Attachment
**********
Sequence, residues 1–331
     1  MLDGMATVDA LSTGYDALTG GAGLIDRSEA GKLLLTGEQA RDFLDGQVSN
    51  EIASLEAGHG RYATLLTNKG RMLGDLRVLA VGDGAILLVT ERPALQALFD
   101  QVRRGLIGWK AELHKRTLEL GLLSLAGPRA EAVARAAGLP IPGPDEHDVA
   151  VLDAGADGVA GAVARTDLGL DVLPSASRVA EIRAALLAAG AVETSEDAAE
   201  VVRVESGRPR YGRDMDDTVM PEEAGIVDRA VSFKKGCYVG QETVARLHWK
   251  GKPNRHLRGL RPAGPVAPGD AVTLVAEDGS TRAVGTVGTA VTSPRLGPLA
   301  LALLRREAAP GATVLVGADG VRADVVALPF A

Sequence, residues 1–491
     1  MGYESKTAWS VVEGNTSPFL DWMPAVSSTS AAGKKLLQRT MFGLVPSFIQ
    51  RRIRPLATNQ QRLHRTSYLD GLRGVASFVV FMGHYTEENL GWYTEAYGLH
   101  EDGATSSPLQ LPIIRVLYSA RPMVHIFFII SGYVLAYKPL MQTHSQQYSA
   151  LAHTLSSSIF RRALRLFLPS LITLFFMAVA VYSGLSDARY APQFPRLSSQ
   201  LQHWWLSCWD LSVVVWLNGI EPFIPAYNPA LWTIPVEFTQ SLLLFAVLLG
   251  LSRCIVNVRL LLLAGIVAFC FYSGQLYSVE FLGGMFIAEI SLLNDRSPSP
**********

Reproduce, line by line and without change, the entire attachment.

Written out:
Sequence, residues 1–331
     1  MLDGMATVDA LSTGYDALTG GAGLIDRSEA GKLLLTGEQA RDFLDGQVSN
    51  EIASLEAGHG RYATLLTNKG RMLGDLRVLA VGDGAILLVT ERPALQALFD
   101  QVRRGLIGWK AELHKRTLEL GLLSLAGPRA EAVARAAGLP IPGPDEHDVA
   151  VLDAGADGVA GAVARTDLGL DVLPSASRVA EIRAALLAAG AVETSEDAAE
   201  VVRVESGRPR YGRDMDDTVM PEEAGIVDRA VSFKKGCYVG QETVARLHWK
   251  GKPNRHLRGL RPAGPVAPGD AVTLVAEDGS TRAVGTVGTA VTSPRLGPLA
   301  LALLRREAAP GATVLVGADG VRADVVALPF A

Sequence, residues 1–491
     1  MGYESKTAWS VVEGNTSPFL DWMPAVSSTS AAGKKLLQRT MFGLVPSFIQ
    51  RRIRPLATNQ QRLHRTSYLD GLRGVASFVV FMGHYTEENL GWYTEAYGLH
   101  EDGATSSPLQ LPIIRVLYSA RPMVHIFFII SGYVLAYKPL MQTHSQQYSA
   151  LAHTLSSSIF RRALRLFLPS LITLFFMAVA VYSGLSDARY APQFPRLSSQ
   201  LQHWWLSCWD LSVVVWLNGI EPFIPAYNPA LWTIPVEFTQ SLLLFAVLLG
   251  LSRCIVNVRL LLLAGIVAFC FYSGQLYSVE FLGGMFIAEI SLLNDRSPSP